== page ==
When I checked Lulu sales this morning (I usually check once a day or so), I was delighted to see that somebody purchased two paperback copies of The Big Deal and the Damage Done some time this morning.
Thanks! (Given the way Lulu reports sales, it appears to be one person or institution buying two copies, not two different people or institutions…)
I’ve been reading the book the last couple of days, as I start to set up for the 2012 project (that is, a 12-year study including 2012 data, once that data is posted by NCES). I’m still proud of the project; it was done quickly but, I believe, well, and should be must reading for library school students and worthwhile for many academic libraries.
As previously noted, I will not be self-publishing a 2012 update. A shorter and probably simpler version covering 2000 through 2012 (and normalizing dollar amounts to 2012 dollars rather than 2002 dollars) will be published by a “real publisher” as part of a subscription series, also available separately. (I get paid once, no royalties–but I get paid a reasonable, if not huge, amount.) There may or may not be a self-published extension, looking at other aspects of possible damage or going into more detail; that will depend on what I see in the 2012 data and on discussions with the publisher.
In any case, the current Big Deal and the Damage Done will continue to be available as a $9.99 PDF ebook (no DRM, explicit full first-sale rights, color graphs) and a $16.50 trade paperback (the graphs all use line portions as well as colors, so they’re entirely readable in black-and-white) right up to the point where the newer related item is published. (And possibly beyond, if there are continuing sales and the other publisher agrees–but it’s unlikely.)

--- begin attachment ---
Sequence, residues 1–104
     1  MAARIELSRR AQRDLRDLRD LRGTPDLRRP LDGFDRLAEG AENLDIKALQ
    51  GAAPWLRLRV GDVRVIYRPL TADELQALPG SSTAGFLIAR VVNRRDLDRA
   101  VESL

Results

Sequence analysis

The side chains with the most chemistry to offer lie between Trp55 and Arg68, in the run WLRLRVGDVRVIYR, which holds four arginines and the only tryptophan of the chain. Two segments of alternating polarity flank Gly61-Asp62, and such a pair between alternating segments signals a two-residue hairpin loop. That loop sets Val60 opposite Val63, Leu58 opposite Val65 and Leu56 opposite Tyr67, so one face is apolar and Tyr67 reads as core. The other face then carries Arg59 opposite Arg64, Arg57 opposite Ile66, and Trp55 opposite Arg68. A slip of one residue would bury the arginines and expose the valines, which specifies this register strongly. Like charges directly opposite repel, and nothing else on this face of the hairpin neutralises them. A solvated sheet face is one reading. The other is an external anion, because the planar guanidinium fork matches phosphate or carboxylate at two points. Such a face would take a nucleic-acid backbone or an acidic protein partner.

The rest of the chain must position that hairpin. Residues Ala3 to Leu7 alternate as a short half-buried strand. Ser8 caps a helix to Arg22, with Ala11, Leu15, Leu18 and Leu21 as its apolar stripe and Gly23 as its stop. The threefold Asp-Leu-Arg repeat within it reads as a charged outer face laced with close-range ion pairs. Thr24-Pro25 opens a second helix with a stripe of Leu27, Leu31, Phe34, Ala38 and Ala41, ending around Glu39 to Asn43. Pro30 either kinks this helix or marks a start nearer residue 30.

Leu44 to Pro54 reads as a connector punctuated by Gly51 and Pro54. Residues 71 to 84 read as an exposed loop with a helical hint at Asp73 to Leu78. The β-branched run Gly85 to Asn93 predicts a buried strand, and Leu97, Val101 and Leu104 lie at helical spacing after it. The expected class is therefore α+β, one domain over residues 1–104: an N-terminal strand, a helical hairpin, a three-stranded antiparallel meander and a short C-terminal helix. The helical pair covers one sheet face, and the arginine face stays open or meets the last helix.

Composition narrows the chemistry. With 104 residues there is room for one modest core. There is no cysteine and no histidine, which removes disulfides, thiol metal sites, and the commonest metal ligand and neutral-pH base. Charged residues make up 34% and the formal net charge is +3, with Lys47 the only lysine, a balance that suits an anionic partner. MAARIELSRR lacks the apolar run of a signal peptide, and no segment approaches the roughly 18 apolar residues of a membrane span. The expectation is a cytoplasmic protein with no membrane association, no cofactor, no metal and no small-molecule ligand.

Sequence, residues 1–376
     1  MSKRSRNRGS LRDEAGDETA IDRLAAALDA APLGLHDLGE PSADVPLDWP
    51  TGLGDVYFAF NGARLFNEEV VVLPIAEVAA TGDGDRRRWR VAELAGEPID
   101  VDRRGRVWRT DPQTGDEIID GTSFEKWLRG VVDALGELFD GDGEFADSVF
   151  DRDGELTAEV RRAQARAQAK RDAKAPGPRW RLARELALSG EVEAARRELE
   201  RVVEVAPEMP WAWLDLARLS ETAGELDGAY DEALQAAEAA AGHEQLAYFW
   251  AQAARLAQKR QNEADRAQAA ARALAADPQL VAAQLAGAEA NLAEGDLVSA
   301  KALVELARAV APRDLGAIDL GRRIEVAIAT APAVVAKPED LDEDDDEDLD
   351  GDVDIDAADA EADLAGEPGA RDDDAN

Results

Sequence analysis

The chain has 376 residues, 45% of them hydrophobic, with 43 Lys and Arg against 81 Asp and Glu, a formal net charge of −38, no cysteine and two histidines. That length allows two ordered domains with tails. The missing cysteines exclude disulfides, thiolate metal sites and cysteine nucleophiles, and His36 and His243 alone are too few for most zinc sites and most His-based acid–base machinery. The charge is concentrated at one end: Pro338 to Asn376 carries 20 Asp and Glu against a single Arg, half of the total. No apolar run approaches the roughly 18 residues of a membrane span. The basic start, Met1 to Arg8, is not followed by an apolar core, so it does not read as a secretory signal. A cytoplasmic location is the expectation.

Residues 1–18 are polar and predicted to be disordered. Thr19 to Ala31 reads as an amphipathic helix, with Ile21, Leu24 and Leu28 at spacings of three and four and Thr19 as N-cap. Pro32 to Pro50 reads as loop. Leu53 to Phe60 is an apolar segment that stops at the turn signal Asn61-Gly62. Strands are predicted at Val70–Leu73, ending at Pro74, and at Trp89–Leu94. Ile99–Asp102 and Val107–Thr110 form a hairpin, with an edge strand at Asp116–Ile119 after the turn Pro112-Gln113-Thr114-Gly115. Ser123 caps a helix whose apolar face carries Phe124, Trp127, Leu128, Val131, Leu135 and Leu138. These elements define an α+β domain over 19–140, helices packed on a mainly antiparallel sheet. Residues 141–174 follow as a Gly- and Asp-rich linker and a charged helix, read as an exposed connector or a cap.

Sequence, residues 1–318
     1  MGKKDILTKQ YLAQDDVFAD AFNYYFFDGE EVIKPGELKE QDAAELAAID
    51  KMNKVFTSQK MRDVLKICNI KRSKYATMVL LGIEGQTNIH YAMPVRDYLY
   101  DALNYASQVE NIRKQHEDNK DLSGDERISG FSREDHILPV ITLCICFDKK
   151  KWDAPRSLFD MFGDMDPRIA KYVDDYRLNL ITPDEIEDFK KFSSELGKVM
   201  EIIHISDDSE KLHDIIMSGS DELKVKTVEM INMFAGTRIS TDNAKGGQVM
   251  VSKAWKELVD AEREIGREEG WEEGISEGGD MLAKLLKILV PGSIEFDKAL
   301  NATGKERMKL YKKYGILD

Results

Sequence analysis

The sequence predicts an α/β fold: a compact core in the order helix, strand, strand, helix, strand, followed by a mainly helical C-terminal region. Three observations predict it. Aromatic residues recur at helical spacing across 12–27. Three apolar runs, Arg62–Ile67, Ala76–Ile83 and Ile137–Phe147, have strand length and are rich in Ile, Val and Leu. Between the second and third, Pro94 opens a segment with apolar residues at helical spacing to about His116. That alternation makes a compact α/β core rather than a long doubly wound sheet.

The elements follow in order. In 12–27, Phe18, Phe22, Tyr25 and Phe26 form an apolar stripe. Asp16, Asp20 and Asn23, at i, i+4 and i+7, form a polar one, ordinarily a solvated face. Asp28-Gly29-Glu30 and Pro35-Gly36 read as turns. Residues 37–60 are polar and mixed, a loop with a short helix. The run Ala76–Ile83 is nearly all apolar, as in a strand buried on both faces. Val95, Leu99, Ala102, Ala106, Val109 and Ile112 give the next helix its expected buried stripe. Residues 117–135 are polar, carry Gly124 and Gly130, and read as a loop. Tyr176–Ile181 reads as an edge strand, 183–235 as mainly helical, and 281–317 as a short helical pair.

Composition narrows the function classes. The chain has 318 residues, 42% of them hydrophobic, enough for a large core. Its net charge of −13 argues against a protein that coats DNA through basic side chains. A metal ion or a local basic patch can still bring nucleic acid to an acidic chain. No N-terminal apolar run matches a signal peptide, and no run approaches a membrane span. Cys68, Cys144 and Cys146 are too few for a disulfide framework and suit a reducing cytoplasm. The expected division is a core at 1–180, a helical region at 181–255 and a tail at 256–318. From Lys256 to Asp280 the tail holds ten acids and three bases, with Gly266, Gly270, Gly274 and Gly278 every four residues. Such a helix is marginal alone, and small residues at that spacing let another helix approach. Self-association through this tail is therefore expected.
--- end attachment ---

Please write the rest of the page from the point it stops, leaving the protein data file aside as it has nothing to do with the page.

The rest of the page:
A little nudge
But The Big Deal and the Damage Done is also available in a special $40 campus license version–identical to the $9.99 PDF, except that the cover has an extra line and the copyright page explicitly grants permission to make the book available for simultaneous multiuser download or reading from a campus (or library or association) server.
The regular PDF is a case where a library buys the ebook, not just leasing it: It explicitly carries first-sale rights. The campus version goes way beyond: it means you’re ethically as well as legally able to make the book available to every student in a library school (on campus or distance), to every librarian in a multicampus system, to…whatever seems reasonable. With my explicit approval, right there on the copyright page.
So far, three of those special editions have been sold. I count each one as four copies in counting overall sales–and the book’s about eleven copies away from catching up with Give Us a Dollar and We’ll Give You Back Four. (Neither one is nearing three-digit sales yet…)
If I saw 40-50 campus-license sales (suggesting roughly one per library school) and that was the end of it, I’d be delighted.
On the other hand, if nobody cares about the site-license/campus-license version, it will go away.
PS: Not that I want to encourage anybody to wait, but Lulu might be having some partial-week sales, typically 20% off with a coupon code. If I remember and if I see them, I’ll post about them as they happen. The 20% comes out of Lulu’s portion, so the only effect on me is to increase book sales.
Right now, the only book sale I know if is the “FAST5″ coupon, good for 5% off, but it can only be used once per account–so, for example, buying a complete set of all eight annual volumes of Cites & Insights might be a good use for it. [Go to lulu.com. Search for Cites Insights. When I do that, the eight annuals come up first. Why eight? I never produced volumes 1-5 via Lulu, although I’ve been tempted to do so.]